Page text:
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Islamic Finance Grabs Headlines in London and Istanbul

Abayomi Alawode's picture



Talk about timing! This week has seen back-to-back initiatives that underscore the growing importance of Islamic finance – and the significant role that the World Bank Group can play in unleashing its potential for financing international development.

This Tuesday, October 29, Prime Minister David Cameron of the United Kingdom announced that the U.K. will become the first non-Muslim country to issue a Sukuk or Islamic bond, with a £200 million issue planned for early 2014. Cameron also announced plans for a new Islamic index on the London Stock Exchange. These initiatives are all part of a grand plan by the U.K. government to turn London into a global capital of Islamic finance.

The very next day, on Wednesday, October 30, World Bank Group President Jim Kim inaugurated the World Bank Global Islamic Finance Center in Istanbul. Envisioned as a knowledge hub for developing Islamic finance globally, the center will conduct research and training as well as provide technical assistance and advisory services to World Bank Group client countries interested in developing Islamic financial institutions and markets.

The center is the result of a unique collaboration between the Turkish government, Turkish private-sector entities and the Bank Group, aiming to create a “center of excellence” for the development of Islamic finance.

The center “is a symbol of the Bank Group’s objective of developing Islamic finance, and maximizing its contribution to poverty alleviation and shared prosperity in client countries,” said President Kim.

The direct link of Islamic finance to physical assets, and the use of profit- and loss-sharing arrangements, encourage the provision of financing for infrastructure projects and innovative enterprises that can increase output and generate jobs. In addition, Islamic finance encourages partnership-style financing, which could be useful in improving financial access for the underserved segments of society, such as poor households, SMEs and farmers.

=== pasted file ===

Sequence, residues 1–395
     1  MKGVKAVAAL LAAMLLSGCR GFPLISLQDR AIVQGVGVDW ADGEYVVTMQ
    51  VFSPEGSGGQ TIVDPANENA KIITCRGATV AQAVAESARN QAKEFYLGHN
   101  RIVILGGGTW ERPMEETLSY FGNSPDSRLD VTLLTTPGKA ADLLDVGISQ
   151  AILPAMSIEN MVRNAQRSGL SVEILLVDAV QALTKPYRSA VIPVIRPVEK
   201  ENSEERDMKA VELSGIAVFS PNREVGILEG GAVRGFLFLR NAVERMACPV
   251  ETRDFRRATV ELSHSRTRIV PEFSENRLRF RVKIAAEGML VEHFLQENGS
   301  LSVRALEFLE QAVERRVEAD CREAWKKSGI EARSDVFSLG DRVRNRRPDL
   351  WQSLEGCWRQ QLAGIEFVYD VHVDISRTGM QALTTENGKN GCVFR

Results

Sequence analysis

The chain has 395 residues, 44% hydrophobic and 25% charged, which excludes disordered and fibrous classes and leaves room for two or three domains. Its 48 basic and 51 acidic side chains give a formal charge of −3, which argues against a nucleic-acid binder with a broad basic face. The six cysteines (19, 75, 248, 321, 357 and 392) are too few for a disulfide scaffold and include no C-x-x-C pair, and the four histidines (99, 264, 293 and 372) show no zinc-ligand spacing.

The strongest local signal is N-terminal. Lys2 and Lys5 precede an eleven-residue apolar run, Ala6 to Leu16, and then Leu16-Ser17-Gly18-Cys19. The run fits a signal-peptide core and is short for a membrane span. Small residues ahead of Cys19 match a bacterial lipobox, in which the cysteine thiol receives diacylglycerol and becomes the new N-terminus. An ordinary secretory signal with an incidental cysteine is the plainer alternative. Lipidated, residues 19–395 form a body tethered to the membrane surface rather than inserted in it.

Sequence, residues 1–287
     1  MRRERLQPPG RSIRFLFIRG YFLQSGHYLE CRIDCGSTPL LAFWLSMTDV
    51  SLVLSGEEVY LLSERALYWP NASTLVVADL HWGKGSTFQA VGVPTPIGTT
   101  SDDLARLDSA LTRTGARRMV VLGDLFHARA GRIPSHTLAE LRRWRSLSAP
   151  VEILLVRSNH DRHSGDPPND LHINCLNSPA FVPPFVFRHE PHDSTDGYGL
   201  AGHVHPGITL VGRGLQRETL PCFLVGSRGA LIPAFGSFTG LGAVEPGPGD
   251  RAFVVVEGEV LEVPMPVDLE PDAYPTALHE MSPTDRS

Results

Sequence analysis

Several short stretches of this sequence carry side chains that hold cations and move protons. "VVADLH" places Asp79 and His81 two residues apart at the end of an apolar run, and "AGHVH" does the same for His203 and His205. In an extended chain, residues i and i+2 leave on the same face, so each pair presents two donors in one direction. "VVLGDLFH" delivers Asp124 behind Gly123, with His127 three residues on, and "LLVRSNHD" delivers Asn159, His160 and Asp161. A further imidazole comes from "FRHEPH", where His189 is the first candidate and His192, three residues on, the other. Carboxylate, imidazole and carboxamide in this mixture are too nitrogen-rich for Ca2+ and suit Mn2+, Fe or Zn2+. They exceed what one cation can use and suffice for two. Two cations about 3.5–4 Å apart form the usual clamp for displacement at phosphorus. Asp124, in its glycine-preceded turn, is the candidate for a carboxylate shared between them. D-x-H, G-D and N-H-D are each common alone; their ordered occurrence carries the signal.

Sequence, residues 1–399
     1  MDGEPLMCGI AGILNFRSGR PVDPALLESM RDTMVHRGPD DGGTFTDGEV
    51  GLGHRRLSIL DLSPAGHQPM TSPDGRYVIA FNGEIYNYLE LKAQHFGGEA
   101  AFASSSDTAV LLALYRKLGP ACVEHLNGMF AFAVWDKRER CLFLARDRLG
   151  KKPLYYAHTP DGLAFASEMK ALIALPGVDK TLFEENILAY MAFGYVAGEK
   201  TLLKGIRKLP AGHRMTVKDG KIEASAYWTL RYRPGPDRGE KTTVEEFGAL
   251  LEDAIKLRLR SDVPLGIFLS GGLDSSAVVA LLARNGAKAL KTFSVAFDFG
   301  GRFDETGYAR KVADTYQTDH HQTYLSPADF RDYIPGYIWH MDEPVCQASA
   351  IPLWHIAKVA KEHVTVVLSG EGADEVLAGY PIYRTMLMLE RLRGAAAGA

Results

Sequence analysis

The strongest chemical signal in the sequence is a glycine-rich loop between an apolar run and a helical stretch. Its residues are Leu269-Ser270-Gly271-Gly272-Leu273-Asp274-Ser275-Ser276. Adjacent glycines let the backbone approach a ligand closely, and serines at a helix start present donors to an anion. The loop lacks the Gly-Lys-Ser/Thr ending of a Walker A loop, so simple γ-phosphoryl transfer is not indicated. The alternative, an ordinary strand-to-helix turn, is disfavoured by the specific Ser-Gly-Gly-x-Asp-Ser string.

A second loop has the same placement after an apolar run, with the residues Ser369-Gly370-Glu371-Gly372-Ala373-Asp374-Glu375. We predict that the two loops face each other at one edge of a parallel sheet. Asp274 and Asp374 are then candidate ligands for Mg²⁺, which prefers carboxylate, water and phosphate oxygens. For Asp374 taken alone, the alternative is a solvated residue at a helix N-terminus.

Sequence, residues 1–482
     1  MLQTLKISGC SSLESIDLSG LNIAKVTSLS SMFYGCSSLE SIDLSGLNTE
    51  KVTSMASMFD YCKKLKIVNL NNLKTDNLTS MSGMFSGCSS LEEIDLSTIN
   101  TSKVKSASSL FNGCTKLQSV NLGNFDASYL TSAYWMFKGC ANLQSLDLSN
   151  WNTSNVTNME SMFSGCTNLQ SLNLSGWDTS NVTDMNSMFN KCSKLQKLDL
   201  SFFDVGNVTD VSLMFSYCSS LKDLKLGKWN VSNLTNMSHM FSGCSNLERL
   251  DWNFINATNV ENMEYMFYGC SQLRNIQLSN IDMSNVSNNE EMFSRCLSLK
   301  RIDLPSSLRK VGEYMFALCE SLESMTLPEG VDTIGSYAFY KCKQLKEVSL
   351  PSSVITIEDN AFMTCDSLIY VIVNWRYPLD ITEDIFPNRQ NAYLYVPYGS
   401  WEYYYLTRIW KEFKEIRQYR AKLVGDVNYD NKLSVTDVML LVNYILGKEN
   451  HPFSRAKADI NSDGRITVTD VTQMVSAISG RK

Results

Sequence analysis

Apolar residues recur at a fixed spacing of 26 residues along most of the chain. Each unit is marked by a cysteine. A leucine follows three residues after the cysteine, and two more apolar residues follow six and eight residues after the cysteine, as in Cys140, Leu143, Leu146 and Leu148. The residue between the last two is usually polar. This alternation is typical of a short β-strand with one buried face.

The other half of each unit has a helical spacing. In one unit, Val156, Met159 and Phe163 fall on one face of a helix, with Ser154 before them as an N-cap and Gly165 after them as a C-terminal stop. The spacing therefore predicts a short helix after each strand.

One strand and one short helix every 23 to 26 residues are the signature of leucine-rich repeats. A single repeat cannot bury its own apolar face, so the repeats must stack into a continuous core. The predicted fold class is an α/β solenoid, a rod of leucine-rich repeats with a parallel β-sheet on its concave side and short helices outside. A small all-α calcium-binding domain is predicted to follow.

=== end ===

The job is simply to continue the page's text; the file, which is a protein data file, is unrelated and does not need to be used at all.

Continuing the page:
As Islamic finance continues its remarkable growth and becomes increasingly globalized, addressing the various challenges facing the industry becomes critical to the fulfillment of its potential. There is a need to strengthen its legal foundations; develop robust regulatory and supervisory frameworks; adopt accounting and auditing standards; and improve transparency and governance practices. Developing market instruments and enhancing the capacity of Islamic finance professionals (and their regulators) will also be critical.

It is therefore appropriate that the new center will emphasize the generation, sharing and deployment of cutting-edge practical knowledge on how to make Islamic finance more relevant for inclusive growth and poverty alleviation in developing and emerging markets. This is an excellent example of the World Bank Group's new vision of becoming a “Solutions Bank,” focused on forging partnerships and supporting transformational engagements to address development challenges in the Bank Group’s client countries.

Photo credit: Istock.com/gioadventures